Easdale Shares Mystery

Ever since they appeared in the press around April, as players in the ongoing struggle for the boardroom at Rangers, the Easdale brothers have been reported to have had various different share holdings and intentions for the club. If we look back through these reports now, then several of them appear to make no sense whatsoever. So whilst the intentions of the Easdales remain unclear, one thing appears certain, the misdirection of Jack Irvine, and the willingness of the BBC in particular to print whatever they are told about them, appears to have played a major role in getting the brothers to where they are now.

The first major story about the Easdales appeared back on the 23rd April. The ever reliable Chris McLaughlin of BBC Scotland told us that they had agreed to buy Charles Green’s shares, that they wanted a place on the board and that they may look to take overall control of the club. We were also told that they already held 6% of the total shares in Rangers.  It is worth noting at this point that shareholdings of over 3% have to be notified to the London Stock Exchange and that no such notification existed for James or Sandy Easdale. However, at that stage it was possible that they both held just under 3% and the story could therefore have been almost accurate. We were later to find out that it was absolute fantasy.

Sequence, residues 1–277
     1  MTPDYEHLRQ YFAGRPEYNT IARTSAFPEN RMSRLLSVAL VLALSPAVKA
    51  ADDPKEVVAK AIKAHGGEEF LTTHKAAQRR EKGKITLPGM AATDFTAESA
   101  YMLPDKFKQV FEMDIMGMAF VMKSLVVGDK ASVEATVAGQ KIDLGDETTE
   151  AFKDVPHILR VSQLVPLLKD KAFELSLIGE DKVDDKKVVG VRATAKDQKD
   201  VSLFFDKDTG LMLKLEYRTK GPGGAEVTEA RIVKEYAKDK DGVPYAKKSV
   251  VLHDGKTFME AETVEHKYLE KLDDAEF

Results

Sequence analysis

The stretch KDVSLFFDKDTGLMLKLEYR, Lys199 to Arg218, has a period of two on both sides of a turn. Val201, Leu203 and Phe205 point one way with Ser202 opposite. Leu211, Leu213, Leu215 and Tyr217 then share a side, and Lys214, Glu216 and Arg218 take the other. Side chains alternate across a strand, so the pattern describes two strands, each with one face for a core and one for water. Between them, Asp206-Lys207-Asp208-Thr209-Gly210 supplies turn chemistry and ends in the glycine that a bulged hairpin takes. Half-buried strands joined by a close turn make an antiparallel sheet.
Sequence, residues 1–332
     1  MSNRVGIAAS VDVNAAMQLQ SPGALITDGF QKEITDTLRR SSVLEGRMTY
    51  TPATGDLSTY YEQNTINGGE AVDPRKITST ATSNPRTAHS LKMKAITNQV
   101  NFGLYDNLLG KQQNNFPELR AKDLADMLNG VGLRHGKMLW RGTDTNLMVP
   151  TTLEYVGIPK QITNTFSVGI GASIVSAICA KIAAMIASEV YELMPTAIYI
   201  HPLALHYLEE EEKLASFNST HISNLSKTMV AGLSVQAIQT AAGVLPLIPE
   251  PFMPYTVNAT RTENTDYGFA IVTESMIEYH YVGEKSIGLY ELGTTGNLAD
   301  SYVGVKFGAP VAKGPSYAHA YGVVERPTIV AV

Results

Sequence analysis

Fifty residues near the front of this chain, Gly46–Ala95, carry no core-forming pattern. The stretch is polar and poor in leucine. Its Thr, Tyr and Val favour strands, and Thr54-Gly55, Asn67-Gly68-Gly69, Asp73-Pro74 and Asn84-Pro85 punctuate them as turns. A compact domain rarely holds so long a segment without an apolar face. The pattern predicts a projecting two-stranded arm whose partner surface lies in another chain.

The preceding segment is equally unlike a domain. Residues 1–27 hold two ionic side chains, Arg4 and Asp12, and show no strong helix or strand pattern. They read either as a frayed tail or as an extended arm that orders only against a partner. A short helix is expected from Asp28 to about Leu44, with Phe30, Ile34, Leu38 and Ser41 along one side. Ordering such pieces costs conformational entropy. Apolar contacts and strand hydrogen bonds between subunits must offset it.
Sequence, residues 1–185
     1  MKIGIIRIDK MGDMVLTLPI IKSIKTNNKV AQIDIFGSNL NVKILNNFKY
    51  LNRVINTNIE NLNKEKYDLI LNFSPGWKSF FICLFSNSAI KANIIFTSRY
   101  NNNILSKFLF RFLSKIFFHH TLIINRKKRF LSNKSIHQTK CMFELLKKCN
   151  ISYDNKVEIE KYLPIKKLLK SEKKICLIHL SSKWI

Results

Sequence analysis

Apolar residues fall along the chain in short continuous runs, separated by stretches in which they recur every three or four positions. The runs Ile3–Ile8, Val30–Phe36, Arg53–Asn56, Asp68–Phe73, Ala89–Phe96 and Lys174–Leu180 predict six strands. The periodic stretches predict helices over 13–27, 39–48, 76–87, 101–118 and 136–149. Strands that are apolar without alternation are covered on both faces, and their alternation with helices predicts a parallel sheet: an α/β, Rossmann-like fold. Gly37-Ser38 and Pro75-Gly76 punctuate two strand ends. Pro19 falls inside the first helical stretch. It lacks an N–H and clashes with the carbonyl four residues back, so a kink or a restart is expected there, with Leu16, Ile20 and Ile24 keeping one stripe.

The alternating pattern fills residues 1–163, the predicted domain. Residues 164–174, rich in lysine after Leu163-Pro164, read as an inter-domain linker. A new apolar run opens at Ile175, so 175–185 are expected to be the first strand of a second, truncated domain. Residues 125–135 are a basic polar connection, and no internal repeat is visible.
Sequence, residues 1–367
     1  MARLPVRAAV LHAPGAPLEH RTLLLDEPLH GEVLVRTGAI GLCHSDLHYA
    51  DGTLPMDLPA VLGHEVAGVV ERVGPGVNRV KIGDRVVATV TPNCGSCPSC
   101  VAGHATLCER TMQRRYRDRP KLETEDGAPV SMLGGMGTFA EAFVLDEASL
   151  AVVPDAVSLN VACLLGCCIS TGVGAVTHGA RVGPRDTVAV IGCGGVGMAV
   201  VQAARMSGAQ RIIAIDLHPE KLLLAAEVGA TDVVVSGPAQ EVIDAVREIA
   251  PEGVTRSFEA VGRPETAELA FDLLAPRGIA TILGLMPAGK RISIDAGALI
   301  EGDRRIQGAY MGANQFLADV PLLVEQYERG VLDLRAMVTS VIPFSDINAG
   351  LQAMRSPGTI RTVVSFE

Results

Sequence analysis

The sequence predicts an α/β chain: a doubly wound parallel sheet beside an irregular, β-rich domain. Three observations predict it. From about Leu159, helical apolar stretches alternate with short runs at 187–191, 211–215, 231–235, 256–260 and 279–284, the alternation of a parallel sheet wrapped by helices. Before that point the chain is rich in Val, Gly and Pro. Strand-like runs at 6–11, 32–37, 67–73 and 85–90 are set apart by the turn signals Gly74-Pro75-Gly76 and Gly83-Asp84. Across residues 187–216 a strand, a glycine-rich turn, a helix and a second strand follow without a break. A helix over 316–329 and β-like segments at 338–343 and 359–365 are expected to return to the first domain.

Next step on the PR front was a now infamous interview in the back of a McGill’s bus with, again, Chris McLaughlin from BBC Scotland. This came on the 9th May and it was again claimed that they held 6% of the shares in Rangers. They also reiterated their wish to be involved at board level.




It was claimed by McLaughlin that the brothers bought their 6% prior to any arrangement to purchase Green’s shares.

On the 9th July the BBC reported that James Easdale had joined the Rangers board as a non-executive director.




So far so good? It seemed fairly reasonable that with a 6% shareholding the Easdales would expect some say in the boardroom. After all, the largest shareholder at that point, Charles Green, was also supposed to have entered into an agreement with them to sell his shares, taking their stake to around 13% and making the brothers by some margin the largest shareholders. What followed however got some alarm bells ringing.

On the 19th July, Rangers made an announcement to the LSE stating that James Easdale’s holding in Rangers was 0.55%.